They are going to help us fix our world.
Melanie's here with the delegation of education specialists from a progressive London borough.
This is the world leader, it's the first school in the world that
every teacher in every classroom is an eduCCate Global climate change teacher.
We've come to Dubai to bring this magic back to Hammersmith and Fulham.
We want to take it back to the UK and then globally.
A lot of us tend to waste water, how do we save water?
I'd heard a great deal so far about planting trees and avoiding plastics
but I was keen to see children being taught not what to think
but how to think.
The robotics lab.
Good morning, everybody!
Good morning!
There's nothing worse.
That's amazing! Who's next? What's next?
It's amazing! Absolutely amazing.
That can print food?
Amazing, this is incredible.
If everyone in the world can contribute with us, we can change the world.
Has everybody here heard of Greta Thunberg?
All of you?
And has she inspired all of you?
So, do you think that you would have the courage that she has to stand up?
I hope so, I hope so.
Thank you very, very much everybody.
I mean, literally what we've taught our kids, I think we wouldn't have learned in the next 20, 30 years.
The choice of being ignorant was what I had chosen
and now she's educating me, I didn't know what carbon footprint was …
Every student in KGS is a Greta in some way.
You're going to make me cry, you better stop now.
The most profound thing for me to do was meeting the parents.
Parents telling me that their children have changed their lives and
their own understanding of climate change and then the parents telling that
they've done the climate change course.
I was totally blown away.
Dubai, of course, itself is an interesting place to come, right?
It has one of the biggest carbon footprints of all cities across the world.
You see the traffic on the roads, you see the air-conditioning units, you see the indoor ski slope …
We are not sustainable. None of us. No country in the developed world
is sustainable.
You know, we are writing cheques that our planet can't cash.
So, to be honest, for us to have the hump and say, 'Well, how dare Dubai?',
how dare we?
I think we all have to learn from each other and we all have to buck up.
So, he's very important?
This is Melanie Harwood. – Good morning, pleased to meet you.
We just can't wait to tell you all that we've been doing.
The next day, Emirati education dignitaries arrived for a Climate Change conference.
Kicking things off, 202 children singing the school's new climate crisis anthem.
I need to take you with me to COP25
so that you can meet Greta Thunberg.
We will have to ask your mum.
Do you think those people are going to listen to you?
Do you think they're going to listen to you?
Why should they listen to you?
Just because if they don't listen to me, the climate change will not stop.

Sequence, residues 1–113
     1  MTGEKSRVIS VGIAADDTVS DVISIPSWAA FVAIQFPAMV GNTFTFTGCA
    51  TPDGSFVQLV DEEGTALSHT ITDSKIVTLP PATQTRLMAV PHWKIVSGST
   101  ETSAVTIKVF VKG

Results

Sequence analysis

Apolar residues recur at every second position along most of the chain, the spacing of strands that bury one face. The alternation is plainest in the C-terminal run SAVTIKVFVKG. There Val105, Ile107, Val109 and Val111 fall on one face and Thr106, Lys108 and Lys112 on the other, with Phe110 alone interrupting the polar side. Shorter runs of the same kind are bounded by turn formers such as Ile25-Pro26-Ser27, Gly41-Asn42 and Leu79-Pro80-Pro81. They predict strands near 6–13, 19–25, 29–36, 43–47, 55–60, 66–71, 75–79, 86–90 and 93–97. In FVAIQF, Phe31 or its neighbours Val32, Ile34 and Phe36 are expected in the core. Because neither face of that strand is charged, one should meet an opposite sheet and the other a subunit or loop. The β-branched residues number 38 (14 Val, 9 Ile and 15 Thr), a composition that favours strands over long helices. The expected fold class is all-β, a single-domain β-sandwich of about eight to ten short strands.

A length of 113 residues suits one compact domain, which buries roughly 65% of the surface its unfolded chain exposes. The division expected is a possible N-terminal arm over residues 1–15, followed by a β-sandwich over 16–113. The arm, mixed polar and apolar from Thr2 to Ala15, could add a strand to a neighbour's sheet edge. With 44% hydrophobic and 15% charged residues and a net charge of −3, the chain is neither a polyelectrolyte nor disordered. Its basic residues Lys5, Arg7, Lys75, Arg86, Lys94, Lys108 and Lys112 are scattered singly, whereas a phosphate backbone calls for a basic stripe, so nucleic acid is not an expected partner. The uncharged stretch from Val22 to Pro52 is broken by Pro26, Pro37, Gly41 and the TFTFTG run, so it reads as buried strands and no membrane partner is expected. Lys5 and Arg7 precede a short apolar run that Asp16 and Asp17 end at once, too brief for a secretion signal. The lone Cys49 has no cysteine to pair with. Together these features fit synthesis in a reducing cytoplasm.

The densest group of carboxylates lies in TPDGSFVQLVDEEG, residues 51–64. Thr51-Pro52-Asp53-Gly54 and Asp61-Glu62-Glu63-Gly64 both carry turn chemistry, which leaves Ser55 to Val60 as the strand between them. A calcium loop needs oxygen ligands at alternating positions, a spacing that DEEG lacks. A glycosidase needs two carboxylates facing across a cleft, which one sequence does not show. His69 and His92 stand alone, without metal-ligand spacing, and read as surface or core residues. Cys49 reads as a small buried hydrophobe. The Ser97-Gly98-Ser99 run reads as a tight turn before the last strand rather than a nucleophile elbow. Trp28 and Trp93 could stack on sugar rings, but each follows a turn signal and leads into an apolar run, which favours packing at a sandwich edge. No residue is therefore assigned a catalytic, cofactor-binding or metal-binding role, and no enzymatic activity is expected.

What is it that you can do?
Spread my message …
Spread your message … how?
How are you going to spread your message?
By telling the message all over the world.
And going to the Philippines and taking about this.
Philippines? OK.
So they can also know.
Are you aware about anything that you saw in the Philippines which you are worried about?
Were they cutting the trees, were they wasting water in the Philippines … ?
Did you see anything like that?
I saw my sister shooting a water gun at me.
A water gun needs water, and Donna wasted water on my T-shirt.
She wasted water on your T-shirt? That's sad.
Say trees!
We talked a lot about finding the next Greta Thunberg,
there seems to be a lot of pressure suddenly on this six-year-old.
I mean, at this school, every child is a Greta Thunberg here.
I don't think you quite realise …
I think that the schools where we have these eduCCate Global climate change teachers …
amazing things are happening.
We've got to go back home and go and see what's going on there.
It's pretty wild, it's so exciting.
I'm still left wondering how much of the hype is hyperbole but the enthusiasm is infectious.
Look at the sun going down in that city!
That skyline!
Melanie's disruptive approach, a far cry from the slow-moving bureaucracy
normally associated with organisations as large as the UN, is gathering momentum.
In the face of such a fundamental crisis, I can't help but hope she succeeds.
Looking around at this skyline in this metropolis in the desert,
I mean so many of the issues that we do face are here, right?
We have the desert, we have the rising sea levels, we have the use of fossil fuels …
We are here and effectively all of our issues and angst started in the Middle East and that's
where we're going to fix it.
Perhaps there's a reason for this madness,
perhaps the reason we've come back here is to start here to heal that wound.
Now that I see what is possible when you have an army of Greta Thunbergs,
you can achieve anything.